Page 3 addicts—now converted to Rage Free addiction– always want to know how ‘normal’ the superstars are. “Does Shabana really scrub her own floor? Does Raakhee cook entire meals? Do the Bachchans actually see their guests right to the main gate of their homes?”
Yes, they do! The stars are as normal as you want them to be. Most of the time the problem is in the onlooker’s head and ego. Either he acts too awestuck or too familiar.
Anupam Kher tells me about the on-flight syndrome where the person next to him keeps looking furtively and finally asks Anupam, ‘Have I seen you somewhere before?’
Anupam chuckles over that one. “Strangely this kind of disparaging snobbery is prevalent on airports only…some unwritten law whereby you are not supposed to recognize celebrities. On railway stations even the smallest star gets mobbed. I suppose the middleclass isn’t inhibited about its fantasies. They’d rather gawk than smirk.”
Gawking can get gloriously embarrassing for a star. Urmila Matondkar once told me about why she ceased to take dinner invitations from fans. “You can’t put one morsel in your mouth without the flash popping in your eyes. You begin to feel like an animal in the zoo.”
I recall a conversation with Mr Bachchan on this topic. He once spoke feelingly to me about how difficult it gets to keep a public face in place while hordes of people clamour for your attention. “Before you know it, someone from the crowd comes forward and gets his picture taken with you. And then before you know it the same picture appears on front cover of thousands of exercise books for school children. How do you avoid this?”
“You can’t give up the joy of interacting with your fans just because some of them get over-enthusiastic,” said John Abraham who on a visit abroad, had a taste of over-zealous adulation when a hysterical male fan bit him hard in the shoulder. “And when I say hard, I mean really hard. I was in a daze. My shoulder was wounded for days. But I’d still go out there and mingle with the people who love me.”
Stardom and adulation are addictive both for the star and the fan.
The problem of being treated normally exists across the line. Stars pine for the human touch in their social interaction. Why do you think Madhuri Dixit married Dr Nene? Far away in the US he was completely untouched by the Dixit wave that swept Bollywood. I think Madhuri enjoyed the fact that the man who swept her off her feet wasn’t swept off his feet by who she was.
Stars often end up not marrying because they aren’t sure if the person loves the celebrity or her power wealth and empire. Lata Mangeshkar and Asha Parekh had plenty of admirers. But none they could marry.
“I had no dearth of proposals. But how was I to be sure that they meant business….or rather they didn’t mean business, ” chuckles Asha Parekh “I’ve my work…and I’ve my friends . So I don’t miss having my own family. Fans can cool you. But they can’t keep you warm for a lifetime.”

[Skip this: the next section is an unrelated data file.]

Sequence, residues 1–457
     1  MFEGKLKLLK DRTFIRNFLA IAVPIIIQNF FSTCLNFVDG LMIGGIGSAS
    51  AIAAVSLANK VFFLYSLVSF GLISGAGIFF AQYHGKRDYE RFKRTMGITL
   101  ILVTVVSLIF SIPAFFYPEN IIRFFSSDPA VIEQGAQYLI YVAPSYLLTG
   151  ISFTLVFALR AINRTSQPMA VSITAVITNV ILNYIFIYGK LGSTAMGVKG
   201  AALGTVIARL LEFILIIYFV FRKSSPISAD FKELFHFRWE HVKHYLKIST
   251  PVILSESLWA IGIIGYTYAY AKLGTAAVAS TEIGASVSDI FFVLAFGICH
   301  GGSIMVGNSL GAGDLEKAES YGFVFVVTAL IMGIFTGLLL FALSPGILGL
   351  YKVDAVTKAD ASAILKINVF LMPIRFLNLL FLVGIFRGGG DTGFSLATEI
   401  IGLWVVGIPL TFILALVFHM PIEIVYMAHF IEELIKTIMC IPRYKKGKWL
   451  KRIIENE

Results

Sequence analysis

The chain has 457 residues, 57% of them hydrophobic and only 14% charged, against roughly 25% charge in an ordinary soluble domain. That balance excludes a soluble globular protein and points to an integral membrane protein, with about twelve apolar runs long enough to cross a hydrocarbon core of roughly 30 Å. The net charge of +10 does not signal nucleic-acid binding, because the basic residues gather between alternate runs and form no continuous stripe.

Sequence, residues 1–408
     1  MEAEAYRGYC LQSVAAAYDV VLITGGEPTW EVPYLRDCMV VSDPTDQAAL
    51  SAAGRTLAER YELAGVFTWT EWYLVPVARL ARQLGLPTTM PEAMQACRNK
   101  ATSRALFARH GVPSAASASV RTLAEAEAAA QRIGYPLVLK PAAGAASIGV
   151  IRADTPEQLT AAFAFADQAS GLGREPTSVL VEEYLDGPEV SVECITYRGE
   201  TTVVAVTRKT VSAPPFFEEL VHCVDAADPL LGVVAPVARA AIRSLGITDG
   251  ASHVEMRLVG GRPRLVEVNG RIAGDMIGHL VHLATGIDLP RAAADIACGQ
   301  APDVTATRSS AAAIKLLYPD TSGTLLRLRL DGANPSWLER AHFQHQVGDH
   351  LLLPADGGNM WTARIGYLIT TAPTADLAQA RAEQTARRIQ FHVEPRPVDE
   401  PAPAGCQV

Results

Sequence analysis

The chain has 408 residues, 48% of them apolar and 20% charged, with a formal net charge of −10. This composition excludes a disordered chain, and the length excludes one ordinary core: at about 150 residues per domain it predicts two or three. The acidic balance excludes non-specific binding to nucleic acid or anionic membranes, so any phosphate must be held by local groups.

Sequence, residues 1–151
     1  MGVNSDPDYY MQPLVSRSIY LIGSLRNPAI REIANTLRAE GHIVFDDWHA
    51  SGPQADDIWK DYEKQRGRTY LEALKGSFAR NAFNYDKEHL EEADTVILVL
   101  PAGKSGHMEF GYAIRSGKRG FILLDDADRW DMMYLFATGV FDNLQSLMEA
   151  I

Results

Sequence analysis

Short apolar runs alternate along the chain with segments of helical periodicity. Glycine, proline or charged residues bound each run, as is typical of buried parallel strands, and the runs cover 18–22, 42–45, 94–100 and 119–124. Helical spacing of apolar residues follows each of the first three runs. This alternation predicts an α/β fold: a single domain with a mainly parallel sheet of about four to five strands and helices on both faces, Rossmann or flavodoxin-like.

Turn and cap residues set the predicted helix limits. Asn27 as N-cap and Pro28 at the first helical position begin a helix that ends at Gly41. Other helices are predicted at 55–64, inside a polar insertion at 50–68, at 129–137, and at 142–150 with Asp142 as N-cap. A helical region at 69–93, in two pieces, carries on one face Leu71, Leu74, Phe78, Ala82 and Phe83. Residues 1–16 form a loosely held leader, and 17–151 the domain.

Today I find Ekta Kapoor facing the same dilemma. Whom can she marry? And how would she know it isn’t for her money….
I had heard stories about Ekta’s high-handedness long before I met her. The real Ekta is a far cry from the image that she carries around, almost like an armour.
In her position she’s got to be a warrior. Ekta keeps herself well shielded from the world of favour seekers that surrounds her.
But catch her with her closely-knit group of 5-6 friends…and you see that at heart this television tycoon is just another city girl who wants to have fun and who laughs loudly at the silliest joke .
“The problem is often in the other person’s head. He’s come to you with an agenda. And he has a problem relating to you as a person,” confessed Karan Johar to me once. “So he convinces himself I’m stuck-up and impatient when all I’m doing is sitting quietly and smiling patiently at him. What do I do? Should I be apologetic about being successful? They make up all kinds of stories about me.”
The problems don’t end around the bend. They hound the celeb to his home.
Hrithik Roshan once told me, “Everyone listens to you patiently when you talk about the unrealistic demands on your time. And then at the end of it he or she asks for a favour….release my book, dance at my wedding, plug my boutique…whatever. But that one favour is the one that I need to do. The rest are inconsequential.”
The uneasy relationship between the star and the fan lingers. What also lingers is that feeling of the star looking for the human touch amidst the glitter glamour and giggle of people pointing at the icon and gasping.
“Sometimes I wonder if these people who scream my name when they see me would remember me six months from now,” sighed an actress who had just got married.
Ask Mrs Nene.